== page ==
I want to use C with OpenGL which seems pretty common. But I want to make the source files portable. In other words, I want people to be able to compile it on their platforms without worrying about if they have a glut.h file here or a glut.lib file there. I also don't want to add windows.h or any other platform-specific header file to my source code. What do I need to do to have this happen, if possible? Or does everybody have to jerryrig their system to get all the library and header files in the right place when compiling?

08-22-2002, 09:11 AM
[/B]You can always use preprocessor directives (#ifdef, #ifndef, and so on) to tell the compiler what code to compile for what platform. [B]

You would use #ifdef if let's say, a macro was available in one platform and not in another, right? But the macros in glut.h are found on all platforms, just with different code. Using #ifdef would still not allow the user not to have the glut libraries and headers, right? This has still be added manually at their end.

Deiussum
08-22-2002, 09:59 AM
Unless you recode all of OpenGL yourself and include that code, you can't control the setup of libs and headers on the user's platform.

So far as #ifdefs are concerned you can also do stuff like this with them..

#ifdef WIN32
#include <windows.h>
#else
// do whatever you need to for other platforms
#endif

nexusone
08-22-2002, 10:17 AM
I am not sure what point your are trying to make.

Of course anyone who would compile an opengl based program, would still need the header and library files for opengl.
The same goes for glut, you have to have the headers and library files for that system.

You could write a program in pure C, that would compile only any system.
But the catch is that C does not have any standard graphics and windowing routines.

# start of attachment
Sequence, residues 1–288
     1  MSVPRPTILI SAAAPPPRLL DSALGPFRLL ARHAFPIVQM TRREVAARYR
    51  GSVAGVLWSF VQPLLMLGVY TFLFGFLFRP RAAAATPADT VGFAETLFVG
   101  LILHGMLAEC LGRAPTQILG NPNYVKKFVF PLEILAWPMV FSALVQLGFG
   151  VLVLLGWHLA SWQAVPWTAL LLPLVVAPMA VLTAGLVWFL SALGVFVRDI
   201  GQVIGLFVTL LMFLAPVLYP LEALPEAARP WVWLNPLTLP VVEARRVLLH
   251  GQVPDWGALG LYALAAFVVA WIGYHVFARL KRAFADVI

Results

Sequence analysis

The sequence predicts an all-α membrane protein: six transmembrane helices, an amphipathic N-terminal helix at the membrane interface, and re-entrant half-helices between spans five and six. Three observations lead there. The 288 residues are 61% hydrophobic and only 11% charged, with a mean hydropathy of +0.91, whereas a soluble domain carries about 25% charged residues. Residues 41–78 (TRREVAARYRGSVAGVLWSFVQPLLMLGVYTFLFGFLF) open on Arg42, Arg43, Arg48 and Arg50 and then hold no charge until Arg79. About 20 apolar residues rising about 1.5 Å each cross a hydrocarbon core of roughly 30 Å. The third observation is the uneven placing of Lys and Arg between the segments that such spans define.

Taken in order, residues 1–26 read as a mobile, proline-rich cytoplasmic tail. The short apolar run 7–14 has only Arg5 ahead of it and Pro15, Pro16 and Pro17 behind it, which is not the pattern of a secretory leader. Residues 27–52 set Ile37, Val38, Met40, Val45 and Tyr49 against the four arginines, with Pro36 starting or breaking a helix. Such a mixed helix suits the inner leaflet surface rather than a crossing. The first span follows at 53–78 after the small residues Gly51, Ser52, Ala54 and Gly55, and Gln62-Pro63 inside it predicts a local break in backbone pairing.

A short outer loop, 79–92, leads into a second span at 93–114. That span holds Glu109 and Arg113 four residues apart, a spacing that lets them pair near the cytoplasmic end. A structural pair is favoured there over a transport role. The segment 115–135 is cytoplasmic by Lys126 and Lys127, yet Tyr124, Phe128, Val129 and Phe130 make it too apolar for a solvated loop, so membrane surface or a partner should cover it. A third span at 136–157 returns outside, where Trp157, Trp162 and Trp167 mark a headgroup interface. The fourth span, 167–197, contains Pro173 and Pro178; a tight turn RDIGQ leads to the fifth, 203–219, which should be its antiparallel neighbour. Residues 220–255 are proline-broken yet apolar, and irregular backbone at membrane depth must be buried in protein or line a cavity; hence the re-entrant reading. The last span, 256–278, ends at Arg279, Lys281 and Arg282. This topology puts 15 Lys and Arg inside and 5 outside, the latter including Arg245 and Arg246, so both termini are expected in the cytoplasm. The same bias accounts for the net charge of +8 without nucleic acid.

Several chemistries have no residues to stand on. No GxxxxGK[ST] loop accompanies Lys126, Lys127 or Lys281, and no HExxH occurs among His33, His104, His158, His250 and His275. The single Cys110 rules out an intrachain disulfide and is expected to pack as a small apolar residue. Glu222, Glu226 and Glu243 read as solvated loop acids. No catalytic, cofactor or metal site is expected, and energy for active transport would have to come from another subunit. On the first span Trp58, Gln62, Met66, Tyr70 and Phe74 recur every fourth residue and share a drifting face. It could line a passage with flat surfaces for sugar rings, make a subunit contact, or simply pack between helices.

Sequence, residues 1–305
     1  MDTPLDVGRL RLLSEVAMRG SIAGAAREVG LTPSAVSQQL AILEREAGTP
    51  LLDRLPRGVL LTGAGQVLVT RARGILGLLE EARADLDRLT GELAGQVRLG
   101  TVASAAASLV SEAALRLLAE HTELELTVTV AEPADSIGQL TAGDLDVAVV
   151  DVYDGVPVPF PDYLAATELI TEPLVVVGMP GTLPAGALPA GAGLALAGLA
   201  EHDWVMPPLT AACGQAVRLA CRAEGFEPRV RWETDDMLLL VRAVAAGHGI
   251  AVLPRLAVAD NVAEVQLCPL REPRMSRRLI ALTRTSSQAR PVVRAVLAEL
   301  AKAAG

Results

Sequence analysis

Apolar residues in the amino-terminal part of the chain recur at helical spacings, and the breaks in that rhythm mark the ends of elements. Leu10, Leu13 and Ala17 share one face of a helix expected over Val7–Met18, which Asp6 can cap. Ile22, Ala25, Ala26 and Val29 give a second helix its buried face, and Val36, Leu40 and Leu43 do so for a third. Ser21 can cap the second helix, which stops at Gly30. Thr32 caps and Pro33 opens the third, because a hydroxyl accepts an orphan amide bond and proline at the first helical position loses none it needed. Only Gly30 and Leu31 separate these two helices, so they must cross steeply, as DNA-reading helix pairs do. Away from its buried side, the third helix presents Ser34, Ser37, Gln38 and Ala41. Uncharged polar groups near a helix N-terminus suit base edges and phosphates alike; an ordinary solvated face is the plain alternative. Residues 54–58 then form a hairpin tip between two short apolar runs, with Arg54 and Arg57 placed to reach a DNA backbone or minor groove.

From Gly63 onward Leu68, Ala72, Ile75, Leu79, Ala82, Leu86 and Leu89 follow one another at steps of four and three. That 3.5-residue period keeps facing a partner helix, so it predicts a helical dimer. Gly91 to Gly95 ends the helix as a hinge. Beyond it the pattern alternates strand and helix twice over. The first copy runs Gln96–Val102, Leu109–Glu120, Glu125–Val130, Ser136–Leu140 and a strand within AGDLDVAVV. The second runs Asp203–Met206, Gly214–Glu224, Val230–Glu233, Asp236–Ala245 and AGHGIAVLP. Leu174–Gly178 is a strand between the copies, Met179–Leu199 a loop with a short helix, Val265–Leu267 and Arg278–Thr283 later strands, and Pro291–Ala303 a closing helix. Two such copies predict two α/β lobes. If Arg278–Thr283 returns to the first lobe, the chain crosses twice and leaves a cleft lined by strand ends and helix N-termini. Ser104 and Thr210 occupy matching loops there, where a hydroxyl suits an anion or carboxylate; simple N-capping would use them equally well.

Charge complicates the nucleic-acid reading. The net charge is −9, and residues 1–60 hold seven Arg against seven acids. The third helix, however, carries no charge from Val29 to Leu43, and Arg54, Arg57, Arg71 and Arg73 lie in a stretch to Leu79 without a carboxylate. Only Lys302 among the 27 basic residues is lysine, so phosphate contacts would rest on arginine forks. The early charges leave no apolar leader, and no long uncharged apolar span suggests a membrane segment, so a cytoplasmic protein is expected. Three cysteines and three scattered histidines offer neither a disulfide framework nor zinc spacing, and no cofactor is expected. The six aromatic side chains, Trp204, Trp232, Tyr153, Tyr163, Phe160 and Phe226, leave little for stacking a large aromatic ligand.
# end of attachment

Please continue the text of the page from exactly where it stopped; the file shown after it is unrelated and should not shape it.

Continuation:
Each system has its own system calls for these function.

That is where things like openGL,GLUT,SDL come into play, by having these standard crossplatform library's it makes it posible to write a program that will compile on any system.

example (not real code)code of opening a window.

the glut.lib for windows

glutCreateWindow(int *argv)
{
// windows create window code
All the code to create a window in Windows
would be put here.

}


the glut.lib for linux

glutCreateWindow(int *argv)
{
// Linux create window code
All the code to create a window in Linux
would be put here.

}


This way when we call glutCreateWindow in our code we do not care what code is needed to open a window in any operating system we are programming for. The glut library for that system takes care of it.


Originally posted by Billy Idol:
You would use #ifdef if let's say, a macro was available in one platform and not in another, right? But the macros in glut.h are found on all platforms, just with different code. Using #ifdef would still not allow the user not to have the glut libraries and headers, right? This has still be added manually at their end.

08-22-2002, 01:24 PM
Thanks guys for the help. I have to do some OpenGL for a homework assignment and I was wondering how portable I could make it and what the TA needed to do on his end for it to compile. Anyway, thanks you answered my question.